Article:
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Discussion Starter · #1 ·
I have a few questions....Please, go easy on me, this is "my" first garden...I have helped Grandpa before, but he did the garden, I just tilled and weeded..
1. Does every flower on a tomatoe plant become a tomatoe? I have a medium sized plant growing well, but it has two tomatoes on it, One golfball sized, the other maybe just a bit bigger. Still has some small yellow flowers?
2. Do you pick them green and let them ripen in the window sill?
3. When you pick a tomatoe, do you cut it with shears, or twist it? or?
4. Being June 25, is it too late to try the "potatoe tire garden trick"? I guess I would still get something right, and I have tires, just need to start the potatoe buds?
 

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I have spent the past many years int he agriculture business and several of those years was in the tomato business.. Farms pick their tomatoes green actually very green and put them in the packing house in different rooms and even different temps.Our place had over 100 different coolers and each cooler held from 100-500 pallets. When they first pick em they put them in a cooler about 68-70 degrees and turn on the ethylene to start the ripening process. After a day or so and depending how far they are going to ship them they start turning the temp down to 60 then 55 and usually about 49 for the coldest temp and turn off the ethylene. There are five color rankings from 1-5 with 5 being the deepest red.
For home gardening, there is no reason to pick them green unless you want green tomatoes for frying or whatever. Let them ripen on the vine as they are MUCH better that way. I have found over the years that tomatoes in the stores just don't taste good to me anymore. They are too bland. That is because they pick them so early and try to ripen them unnaturally.. But farms couldn't pick a ripe tomato and then pack it and ship it across the country without it rotting. I try to grow as much as I can myself just for that reason. It is the same with almost every fruit/veggie I know of.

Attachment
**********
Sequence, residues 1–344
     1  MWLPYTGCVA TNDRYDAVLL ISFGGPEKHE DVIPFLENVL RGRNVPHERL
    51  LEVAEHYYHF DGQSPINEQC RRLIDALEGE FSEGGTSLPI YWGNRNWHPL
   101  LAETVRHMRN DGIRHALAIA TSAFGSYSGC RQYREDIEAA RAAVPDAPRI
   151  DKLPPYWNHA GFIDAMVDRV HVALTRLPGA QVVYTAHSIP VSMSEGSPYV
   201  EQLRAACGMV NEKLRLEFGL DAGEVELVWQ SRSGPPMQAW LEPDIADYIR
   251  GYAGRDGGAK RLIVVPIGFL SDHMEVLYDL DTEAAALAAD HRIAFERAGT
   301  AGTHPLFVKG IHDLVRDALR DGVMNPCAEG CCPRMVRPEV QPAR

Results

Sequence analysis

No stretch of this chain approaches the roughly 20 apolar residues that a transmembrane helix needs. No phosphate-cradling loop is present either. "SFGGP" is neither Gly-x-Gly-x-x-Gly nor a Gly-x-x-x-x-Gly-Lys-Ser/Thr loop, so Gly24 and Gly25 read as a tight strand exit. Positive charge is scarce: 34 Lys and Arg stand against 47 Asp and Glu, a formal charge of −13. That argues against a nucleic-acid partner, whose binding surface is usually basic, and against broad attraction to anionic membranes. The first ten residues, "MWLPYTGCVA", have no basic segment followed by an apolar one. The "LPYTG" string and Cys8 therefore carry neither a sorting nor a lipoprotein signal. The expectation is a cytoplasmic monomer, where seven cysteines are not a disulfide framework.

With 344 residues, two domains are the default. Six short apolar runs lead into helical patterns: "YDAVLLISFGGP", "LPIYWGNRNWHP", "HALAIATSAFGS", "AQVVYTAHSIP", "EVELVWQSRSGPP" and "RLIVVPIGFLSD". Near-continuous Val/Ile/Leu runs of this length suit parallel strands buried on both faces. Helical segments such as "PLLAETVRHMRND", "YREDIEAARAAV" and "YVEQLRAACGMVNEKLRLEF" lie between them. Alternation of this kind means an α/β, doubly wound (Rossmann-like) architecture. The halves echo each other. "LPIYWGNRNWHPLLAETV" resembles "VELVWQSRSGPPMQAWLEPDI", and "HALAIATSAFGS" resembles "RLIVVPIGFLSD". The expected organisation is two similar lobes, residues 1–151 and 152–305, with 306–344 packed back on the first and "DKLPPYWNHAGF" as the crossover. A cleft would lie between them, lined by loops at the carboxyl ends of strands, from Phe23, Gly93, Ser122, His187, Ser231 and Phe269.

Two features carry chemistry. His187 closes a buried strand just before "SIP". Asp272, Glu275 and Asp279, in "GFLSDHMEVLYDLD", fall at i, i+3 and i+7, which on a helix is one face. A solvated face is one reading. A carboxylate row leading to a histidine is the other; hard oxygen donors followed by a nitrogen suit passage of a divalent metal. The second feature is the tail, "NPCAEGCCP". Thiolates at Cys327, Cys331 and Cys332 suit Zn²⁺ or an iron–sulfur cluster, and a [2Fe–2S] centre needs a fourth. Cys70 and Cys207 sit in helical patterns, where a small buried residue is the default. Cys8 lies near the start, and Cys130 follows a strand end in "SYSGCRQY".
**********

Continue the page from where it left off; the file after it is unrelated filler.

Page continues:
We are growing almost 40 varieties in our gardens this year including tobacco and peanuts.. Which I have never tried before but we are going to give it a shot!
 

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If you pick the tomatoes green, don't refrigerate them. They seem to stop ripening, no matter what. A couple of years ago, I had 6 big ( real bushy) plants with lots of tomatoes that grew and big, but refused to ripen. Old farmer friend said to cut some of the leaves and tomatoes off. Whiting a few days, I noticed the other tomatoes started ripening.
 

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If you pick the tomatoes green, don't refrigerate them. They seem to stop ripening, no matter what. A couple of years ago, I had 6 big ( real bushy) plants with lots of tomatoes that grew and big, but refused to ripen. Old farmer friend said to cut some of the leaves and tomatoes off. Whiting a few days, I noticed the other tomatoes started ripening.
The cold temps stop the ripening process..
 

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Discussion Starter · #10 ·
I do agree, a store baught tomato JUST doesnt compare to homegrown. I have enjoyed fried green tomato's but would rather watch my fiance and little girl enjoy them sliced up with lemlime salt. I enjoy them on a cold BLT, or a simple mayo and toamto sammich
 

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As far as green tomatoes, at the end of the growing season I seem to have lots of green tomatoes that just do not have the time to ripen. These I make a green tomatoe relish or chow. Chow since it is pickled, will store for quite a long time and always a great garnishment for beans and such.
 
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